Fed Reserve hears from Main Street
Americans are worried and several witnesses told Fed Chairman Jerome Powell on Friday of the challenges they face in an uneven economic recovery.
Powell and other policymakers heard a myriad of concerns at a virtual “Fed Listens” event. Concerns included missing house payments, the need for businesses to return to pre-pandemic levels, workforce issues and a supply chain crisis.
In its opening Remarks, Powell told listeners, “Most of you are grappling with altered workplaces, from safety protocols with unclear half-lives, to fundamental changes in how your industries operate, from l feeding people when they come out of the movies. “
“The business plans have been reworked, the outlook has been revised and the future remains tainted with uncertainties.”
Powell and policymakers mainly listened during the hour-long event and did not describe any new economic or monetary policies.
The economy and the lasting impact of the pandemic on economic recovery were at the forefront in the minds of community and business leaders.
Mortgage loans in arrears
Patricia Garvia Duarte. the chief executive of an Arizona-based nonprofit that helps low-income residents buy homes is worried about delinquent mortgages for low- to moderate-income people.
Small business still struggling
Small business owners have told Fed policymakers they are still struggling to keep the doors open.
North Carolina restaurateur Cheetie Kumar recounted how her small, family-run restaurant in Raleigh struggles to stay open before adding, “We can’t keep getting into debt.”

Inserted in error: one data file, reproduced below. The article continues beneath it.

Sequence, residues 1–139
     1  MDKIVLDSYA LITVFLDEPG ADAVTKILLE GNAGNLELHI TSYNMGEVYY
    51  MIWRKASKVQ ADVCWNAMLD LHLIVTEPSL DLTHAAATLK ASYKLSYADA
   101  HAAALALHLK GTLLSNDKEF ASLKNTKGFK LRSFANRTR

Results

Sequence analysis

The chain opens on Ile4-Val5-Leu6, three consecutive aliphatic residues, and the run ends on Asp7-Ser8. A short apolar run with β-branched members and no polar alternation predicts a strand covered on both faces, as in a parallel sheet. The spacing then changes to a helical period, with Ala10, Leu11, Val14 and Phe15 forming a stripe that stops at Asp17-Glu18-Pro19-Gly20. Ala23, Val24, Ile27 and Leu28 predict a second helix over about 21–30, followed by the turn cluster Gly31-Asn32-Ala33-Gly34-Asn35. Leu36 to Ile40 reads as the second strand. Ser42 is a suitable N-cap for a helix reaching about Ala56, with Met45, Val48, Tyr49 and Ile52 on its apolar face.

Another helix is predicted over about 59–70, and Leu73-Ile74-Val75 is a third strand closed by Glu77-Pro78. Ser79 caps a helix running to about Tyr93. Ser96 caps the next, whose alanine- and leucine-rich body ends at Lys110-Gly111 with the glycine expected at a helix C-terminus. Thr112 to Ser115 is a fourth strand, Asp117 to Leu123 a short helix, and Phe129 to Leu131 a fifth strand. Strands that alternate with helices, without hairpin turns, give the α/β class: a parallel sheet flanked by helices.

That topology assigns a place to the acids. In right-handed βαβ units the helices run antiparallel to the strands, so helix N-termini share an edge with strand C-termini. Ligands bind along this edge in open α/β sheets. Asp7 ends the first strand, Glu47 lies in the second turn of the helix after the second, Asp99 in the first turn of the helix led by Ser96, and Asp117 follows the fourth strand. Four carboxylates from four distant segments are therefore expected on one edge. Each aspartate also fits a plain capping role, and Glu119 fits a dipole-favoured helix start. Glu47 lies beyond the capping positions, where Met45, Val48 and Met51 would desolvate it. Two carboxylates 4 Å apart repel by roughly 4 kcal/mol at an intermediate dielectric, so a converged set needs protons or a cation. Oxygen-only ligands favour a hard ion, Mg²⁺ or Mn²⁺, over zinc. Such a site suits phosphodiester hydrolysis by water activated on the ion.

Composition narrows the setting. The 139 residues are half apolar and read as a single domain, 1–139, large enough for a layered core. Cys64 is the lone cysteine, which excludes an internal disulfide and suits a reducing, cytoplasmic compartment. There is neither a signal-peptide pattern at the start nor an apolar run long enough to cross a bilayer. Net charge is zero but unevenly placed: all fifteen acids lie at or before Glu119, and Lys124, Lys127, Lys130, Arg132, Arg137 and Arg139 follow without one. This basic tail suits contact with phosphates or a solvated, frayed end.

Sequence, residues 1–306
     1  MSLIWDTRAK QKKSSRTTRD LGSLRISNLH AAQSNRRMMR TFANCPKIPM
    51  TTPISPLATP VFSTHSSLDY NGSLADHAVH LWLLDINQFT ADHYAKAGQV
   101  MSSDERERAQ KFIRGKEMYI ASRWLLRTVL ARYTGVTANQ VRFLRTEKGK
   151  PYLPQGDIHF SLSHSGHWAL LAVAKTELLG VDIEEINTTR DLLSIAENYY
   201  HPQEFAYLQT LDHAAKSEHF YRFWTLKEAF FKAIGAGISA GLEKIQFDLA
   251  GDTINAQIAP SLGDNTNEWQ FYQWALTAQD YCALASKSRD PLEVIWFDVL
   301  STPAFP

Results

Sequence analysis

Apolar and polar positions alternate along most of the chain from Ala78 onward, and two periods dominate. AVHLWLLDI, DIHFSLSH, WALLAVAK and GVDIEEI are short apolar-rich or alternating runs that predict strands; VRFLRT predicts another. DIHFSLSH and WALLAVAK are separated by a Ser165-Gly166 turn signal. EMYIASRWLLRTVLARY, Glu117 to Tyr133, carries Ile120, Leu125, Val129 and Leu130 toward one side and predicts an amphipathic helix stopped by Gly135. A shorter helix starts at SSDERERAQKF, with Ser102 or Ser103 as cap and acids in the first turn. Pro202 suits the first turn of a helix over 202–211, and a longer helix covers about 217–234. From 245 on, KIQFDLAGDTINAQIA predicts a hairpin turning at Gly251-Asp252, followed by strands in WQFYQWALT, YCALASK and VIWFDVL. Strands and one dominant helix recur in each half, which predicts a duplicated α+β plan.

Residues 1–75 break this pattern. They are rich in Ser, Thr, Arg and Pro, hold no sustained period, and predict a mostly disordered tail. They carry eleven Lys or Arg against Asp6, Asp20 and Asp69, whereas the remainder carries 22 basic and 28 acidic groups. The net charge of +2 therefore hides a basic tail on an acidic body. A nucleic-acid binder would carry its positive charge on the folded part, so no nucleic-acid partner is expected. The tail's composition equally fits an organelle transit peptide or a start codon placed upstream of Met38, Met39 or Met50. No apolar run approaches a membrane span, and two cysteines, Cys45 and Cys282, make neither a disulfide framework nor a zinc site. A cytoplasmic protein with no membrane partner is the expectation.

She explained that the restaurant, the Neptune’s Parlor, which she owns with her husband, has hiring problems because workers worry about Covid and find childcare issues that cause some to change careers .
The missing links in the supply chain
A few links are still missing in the supply chain, said Gina Dingman, president of Everest Real Estate Advisors in Minneapolis, Minnesota.
She said prices remain high, impacting all businesses from manufacturing to construction.
She said, âDevelopers now have to go out 12-18 months to get devices for construction. Sometimes buildings are ready for delivery to tenants, but there are no devices because we hadn’t anticipated the supply chain issues.
Chad Moutray, chief economist for the National Manufacturers Association, agreed, saying supply chain issues and higher costs are expected to last until 2021.
“It is clear that some of these costs are going to remain quite high compared to pre-pandemic levels, including wages once they increase they are unlikely to come down again,Â», Declared Moutray.
Powell was joined by vice president of oversight Randal Quarles and governors Michelle Bowman and Chris Waller.
The president told the group that the central bank was reviewing “tons and tons of data.” Still, âit doesn’t really live on for us until we hear your stories. “
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